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The Jim Henson Company is an American company founded in 1958 by puppeteer Jim Henson, creator of The Muppets. The company is now run by his children, Cheryl, Brian, Lisa, John, and Heather; Brian and Lisa serve as co-chairs and co-CEOs. While The Muppets helped the company gain worldwide acclaim in family entertainment for more than four decades, the company sold those characters to the Walt Disney Company in 2004. The company's units include Jim Henson's Creature Shop, a renowned animatronics and visual effects workshop and home of the Henson Digital Performance Studio.
Jim Henson's Creature Shop
Jim Henson's Creature Shop provides digital visual effects, animatronic creatures, animation and soft puppets to the international film, television, online and advertising industries. Based in Los Angeles and New York with satellite shop capabilities internationally, the Shop is known for designing and building some of the world's best known characters including Elmo from "Sesame Street," Miss Piggy from "The Muppet Show," the Baby from "Dinosaurs," Rygel from "Farscape," and the Skeksis from "The Dark Crystal." The shop is responsible for developmenting the Henson Digital Puppetry Studio, a patented control system technology that enables performers to physically puppeteer and voice computer generated characters in real time.
A recipient of more than 9 Emmy Awards for its outstanding work building puppets for "Sesame Street," the Shop also received an Academy Award for its visual effects work on the film "Babe." Other awards include a Scientific and Engineering Academy Award for the Henson Performance Control System, the Computer Graphics World Innovation Award, and the Computerworld Honors 21st Century Achievement Award. Both computer awards were given to the Shop for its work in developing the Henson Digital Puppetry Studio.
Jim Henson formed Muppets Inc. in 1958, three years after Sam and Friends debuted. Aside from Sam and Friends, the majority of work that the company had until 1969 was creating characters for various commercials, variety show appearances, and a few meeting films for various companies (the company would produce its own Muppet Meeting Films from 1975 through 1999). In 1969, the company started creating characters for the popular children’s show Sesame Street.
One of the company's first characters to be seen regularly on national television was Rowlf the Dog, who was initially created for Purina Dog Chow commercials and soon became famous when he became a regular character on The Jimmy Dean Show from 1963-1966. During this time, the show's host, Jimmy Dean, was given an opportunity to own forty percent of the company. However, Dean turned the offer down because he didn't feel that he had earned it.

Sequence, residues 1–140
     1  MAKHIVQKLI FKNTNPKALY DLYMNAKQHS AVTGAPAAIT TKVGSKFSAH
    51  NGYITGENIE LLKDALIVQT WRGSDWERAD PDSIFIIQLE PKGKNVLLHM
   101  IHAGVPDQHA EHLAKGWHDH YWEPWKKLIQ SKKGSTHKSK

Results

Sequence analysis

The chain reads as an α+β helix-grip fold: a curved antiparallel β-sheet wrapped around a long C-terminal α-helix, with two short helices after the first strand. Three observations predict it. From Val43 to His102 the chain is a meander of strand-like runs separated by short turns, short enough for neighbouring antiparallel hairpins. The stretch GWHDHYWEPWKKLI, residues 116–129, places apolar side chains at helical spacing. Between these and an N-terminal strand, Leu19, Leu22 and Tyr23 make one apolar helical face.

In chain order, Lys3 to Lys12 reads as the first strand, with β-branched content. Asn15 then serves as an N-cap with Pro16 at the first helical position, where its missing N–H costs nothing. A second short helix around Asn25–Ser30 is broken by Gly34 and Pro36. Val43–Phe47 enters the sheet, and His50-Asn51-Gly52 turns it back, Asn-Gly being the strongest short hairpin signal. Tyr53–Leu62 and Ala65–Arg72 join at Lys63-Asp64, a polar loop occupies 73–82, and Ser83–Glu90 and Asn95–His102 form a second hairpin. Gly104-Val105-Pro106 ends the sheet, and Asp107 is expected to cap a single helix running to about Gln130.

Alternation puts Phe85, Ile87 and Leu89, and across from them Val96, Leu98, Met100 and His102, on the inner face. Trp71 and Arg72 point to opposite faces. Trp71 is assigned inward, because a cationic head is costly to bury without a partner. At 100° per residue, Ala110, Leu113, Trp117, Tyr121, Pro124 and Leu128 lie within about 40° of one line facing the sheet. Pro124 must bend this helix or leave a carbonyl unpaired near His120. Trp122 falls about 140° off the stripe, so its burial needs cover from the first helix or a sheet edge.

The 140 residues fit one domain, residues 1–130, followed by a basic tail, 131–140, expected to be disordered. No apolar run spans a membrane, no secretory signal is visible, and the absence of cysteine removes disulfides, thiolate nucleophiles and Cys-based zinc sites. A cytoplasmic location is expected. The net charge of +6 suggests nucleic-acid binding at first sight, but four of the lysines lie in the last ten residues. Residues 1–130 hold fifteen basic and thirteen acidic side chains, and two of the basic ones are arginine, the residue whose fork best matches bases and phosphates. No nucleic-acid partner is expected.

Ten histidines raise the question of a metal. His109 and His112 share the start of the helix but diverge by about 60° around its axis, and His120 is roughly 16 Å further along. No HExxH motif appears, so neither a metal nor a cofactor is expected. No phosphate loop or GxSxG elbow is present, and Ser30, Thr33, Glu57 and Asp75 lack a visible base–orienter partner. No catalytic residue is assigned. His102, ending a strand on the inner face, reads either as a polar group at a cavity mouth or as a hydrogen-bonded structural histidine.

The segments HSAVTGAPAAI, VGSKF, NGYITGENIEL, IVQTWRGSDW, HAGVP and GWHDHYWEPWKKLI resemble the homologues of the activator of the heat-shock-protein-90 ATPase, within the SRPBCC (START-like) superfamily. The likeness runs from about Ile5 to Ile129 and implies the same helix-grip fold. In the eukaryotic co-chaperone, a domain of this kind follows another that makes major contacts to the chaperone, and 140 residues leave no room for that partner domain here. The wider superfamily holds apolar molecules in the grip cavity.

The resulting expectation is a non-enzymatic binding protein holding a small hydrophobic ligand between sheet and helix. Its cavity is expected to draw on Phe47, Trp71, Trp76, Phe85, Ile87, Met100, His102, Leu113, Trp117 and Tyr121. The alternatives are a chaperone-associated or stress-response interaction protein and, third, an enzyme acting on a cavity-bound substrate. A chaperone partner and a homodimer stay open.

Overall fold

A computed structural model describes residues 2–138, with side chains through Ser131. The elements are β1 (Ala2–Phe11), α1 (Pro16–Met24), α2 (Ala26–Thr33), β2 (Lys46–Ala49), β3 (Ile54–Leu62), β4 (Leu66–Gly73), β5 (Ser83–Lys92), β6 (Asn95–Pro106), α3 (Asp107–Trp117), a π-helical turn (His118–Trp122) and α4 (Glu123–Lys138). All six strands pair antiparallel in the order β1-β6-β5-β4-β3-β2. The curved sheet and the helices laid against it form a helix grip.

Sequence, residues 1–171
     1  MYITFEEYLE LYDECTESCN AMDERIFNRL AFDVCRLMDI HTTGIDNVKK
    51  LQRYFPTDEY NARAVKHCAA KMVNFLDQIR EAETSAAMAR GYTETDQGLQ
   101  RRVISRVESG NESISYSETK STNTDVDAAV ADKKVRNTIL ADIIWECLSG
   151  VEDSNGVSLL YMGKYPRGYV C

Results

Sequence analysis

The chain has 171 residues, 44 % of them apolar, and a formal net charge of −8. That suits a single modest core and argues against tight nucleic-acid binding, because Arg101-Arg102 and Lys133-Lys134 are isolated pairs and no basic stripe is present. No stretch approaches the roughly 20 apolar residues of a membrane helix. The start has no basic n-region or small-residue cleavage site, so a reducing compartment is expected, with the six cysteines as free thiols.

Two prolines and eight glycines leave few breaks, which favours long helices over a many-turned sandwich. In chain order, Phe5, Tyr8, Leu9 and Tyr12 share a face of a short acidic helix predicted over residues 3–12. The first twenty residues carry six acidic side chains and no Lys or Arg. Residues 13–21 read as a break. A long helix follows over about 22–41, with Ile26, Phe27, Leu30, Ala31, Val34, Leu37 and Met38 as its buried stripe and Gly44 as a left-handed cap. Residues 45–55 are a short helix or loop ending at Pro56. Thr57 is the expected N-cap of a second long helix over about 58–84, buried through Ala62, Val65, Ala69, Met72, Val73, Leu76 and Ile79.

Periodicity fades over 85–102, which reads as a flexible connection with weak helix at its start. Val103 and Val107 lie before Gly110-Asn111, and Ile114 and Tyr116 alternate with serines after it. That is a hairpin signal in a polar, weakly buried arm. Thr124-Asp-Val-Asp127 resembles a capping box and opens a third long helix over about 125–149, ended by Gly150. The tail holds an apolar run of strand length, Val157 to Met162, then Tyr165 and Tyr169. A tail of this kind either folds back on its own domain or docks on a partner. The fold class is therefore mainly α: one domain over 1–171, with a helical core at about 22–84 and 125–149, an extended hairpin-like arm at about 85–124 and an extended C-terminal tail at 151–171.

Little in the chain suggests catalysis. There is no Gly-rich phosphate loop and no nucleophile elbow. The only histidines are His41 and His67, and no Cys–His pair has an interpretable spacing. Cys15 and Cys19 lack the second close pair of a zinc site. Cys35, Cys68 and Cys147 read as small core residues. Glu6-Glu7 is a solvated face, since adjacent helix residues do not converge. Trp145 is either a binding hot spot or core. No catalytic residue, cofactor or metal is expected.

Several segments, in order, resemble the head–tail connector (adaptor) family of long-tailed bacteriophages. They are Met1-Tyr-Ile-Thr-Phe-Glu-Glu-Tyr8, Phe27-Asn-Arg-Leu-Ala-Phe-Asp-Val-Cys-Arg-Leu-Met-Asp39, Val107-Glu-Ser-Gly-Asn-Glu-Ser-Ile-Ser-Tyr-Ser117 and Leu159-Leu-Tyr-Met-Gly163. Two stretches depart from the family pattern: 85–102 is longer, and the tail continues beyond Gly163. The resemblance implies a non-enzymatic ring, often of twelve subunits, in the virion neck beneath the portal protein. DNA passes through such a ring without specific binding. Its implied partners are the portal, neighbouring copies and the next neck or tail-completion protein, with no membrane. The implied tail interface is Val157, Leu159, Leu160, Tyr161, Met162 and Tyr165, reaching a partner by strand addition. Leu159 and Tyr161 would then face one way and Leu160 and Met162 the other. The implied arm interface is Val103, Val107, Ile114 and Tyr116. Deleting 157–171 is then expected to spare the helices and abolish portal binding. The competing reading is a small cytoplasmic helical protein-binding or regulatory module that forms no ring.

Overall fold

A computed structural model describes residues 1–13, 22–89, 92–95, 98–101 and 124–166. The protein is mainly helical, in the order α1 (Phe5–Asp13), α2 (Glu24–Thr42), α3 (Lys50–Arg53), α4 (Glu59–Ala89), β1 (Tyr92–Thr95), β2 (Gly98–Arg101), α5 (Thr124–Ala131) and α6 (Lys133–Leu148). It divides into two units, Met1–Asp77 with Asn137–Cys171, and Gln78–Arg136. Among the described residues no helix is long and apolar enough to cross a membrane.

For many years, Jim Henson had tried to sell several different shows to the major networks, all of which turned them down. Some ideas were made as unaired pilots, and some were never produced. Then, in 1976, Jim Henson was able to produce The Muppet Show for syndication. The success of The Muppet Show led to many movies, specials, videos, and more. The Muppet Show was originally owned by the British company ITC, but Jim Henson later purchased the rights to the show.
In the early 1980s, Jim Henson also formed Jim Henson's Creature Shop, which produced characters for shows such as The StoryTeller, Farscape, and Dinosaurs; and movies such as The Dark Crystal and Labyrinth. It was also during the 1980s that Jim Henson produced new television series such as Fraggle Rock and The Jim Henson Hour.
In 1990, Jim Henson was in negotiations to sell the company to the Walt Disney Company, but Jim Henson died during the week that he was supposed to sign the contract, and his family decided to keep the company private.
In 2000, Jim Henson’s children sold the company to the German media company, EM.TV. In early 2001, after EM.TV subsequently experienced major financial problems, the Jim Henson Company was put up for sale. That year, EM.TV sold the company's ownership of the Sesame Street Muppets to Sesame Workshop and sold the company's ownership of the Odyssey Channel and the Kermit Channel. The Walt Disney Company, HIT Entertainment, Haim Saban, Classic Media, Sesame Workshop, and Sony were among the companies who showed interested in owning the company. However, it was Henson's children who bought back the company in 2003.
In 2004, almost one year after ownership of the Henson company was returned to the family's hands, the Jim Henson Company sold the rights to the Muppets and Bear in the Big Blue House characters to the Walt Disney Company, who control the Muppets through the wholly owned subsidiary Muppets Holding Company LLC. The Walt Disney Company now owns all Muppet-related trademarks, including the word "Muppet," that The Jim Henson Company and Sesame Workshop do not own.
- ↑ Craig McDonald Interview with Jimmy Dean
- ↑ Yahoo News "Billionaire Saban wants to buy the Muppets" 10/8/02
- ↑ Reuters "Sesame Workshop and Sony join forces with Classic Media to acquire Henson" 5/6/03